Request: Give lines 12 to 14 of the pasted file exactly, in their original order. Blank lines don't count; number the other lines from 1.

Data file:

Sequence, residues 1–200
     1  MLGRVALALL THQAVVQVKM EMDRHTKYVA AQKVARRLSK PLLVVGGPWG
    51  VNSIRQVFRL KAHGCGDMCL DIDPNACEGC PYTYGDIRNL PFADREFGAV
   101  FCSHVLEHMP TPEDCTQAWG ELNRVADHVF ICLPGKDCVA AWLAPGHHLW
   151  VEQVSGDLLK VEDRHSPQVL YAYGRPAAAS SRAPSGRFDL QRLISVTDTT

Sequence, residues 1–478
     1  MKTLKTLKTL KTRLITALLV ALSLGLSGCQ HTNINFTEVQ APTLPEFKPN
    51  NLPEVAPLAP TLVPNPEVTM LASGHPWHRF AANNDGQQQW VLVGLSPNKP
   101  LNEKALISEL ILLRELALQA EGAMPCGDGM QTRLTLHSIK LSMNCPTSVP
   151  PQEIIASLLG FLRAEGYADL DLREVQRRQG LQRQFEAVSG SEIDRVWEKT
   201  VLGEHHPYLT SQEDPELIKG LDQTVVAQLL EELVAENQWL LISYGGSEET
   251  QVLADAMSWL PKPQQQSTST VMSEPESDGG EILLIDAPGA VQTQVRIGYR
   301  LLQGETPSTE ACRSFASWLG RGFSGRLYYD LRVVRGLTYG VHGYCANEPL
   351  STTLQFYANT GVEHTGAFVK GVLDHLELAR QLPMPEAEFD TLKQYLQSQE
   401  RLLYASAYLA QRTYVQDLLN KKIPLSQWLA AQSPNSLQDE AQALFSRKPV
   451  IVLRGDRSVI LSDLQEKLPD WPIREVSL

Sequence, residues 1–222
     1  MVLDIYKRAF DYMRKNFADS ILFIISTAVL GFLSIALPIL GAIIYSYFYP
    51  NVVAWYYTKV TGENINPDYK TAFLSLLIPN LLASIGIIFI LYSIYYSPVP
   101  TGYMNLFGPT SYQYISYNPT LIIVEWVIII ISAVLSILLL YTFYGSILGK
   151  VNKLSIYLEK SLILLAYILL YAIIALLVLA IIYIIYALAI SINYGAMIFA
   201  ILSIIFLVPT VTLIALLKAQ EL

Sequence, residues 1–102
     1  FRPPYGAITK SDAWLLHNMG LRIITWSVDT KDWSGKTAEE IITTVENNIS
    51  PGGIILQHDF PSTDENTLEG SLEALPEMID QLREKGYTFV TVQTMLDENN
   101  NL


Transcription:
   251  QVLADAMSWL PKPQQQSTST VMSEPESDGG EILLIDAPGA VQTQVRIGYR
   301  LLQGETPSTE ACRSFASWLG RGFSGRLYYD LRVVRGLTYG VHGYCANEPL
   351  STTLQFYANT GVEHTGAFVK GVLDHLELAR QLPMPEAEFD TLKQYLQSQE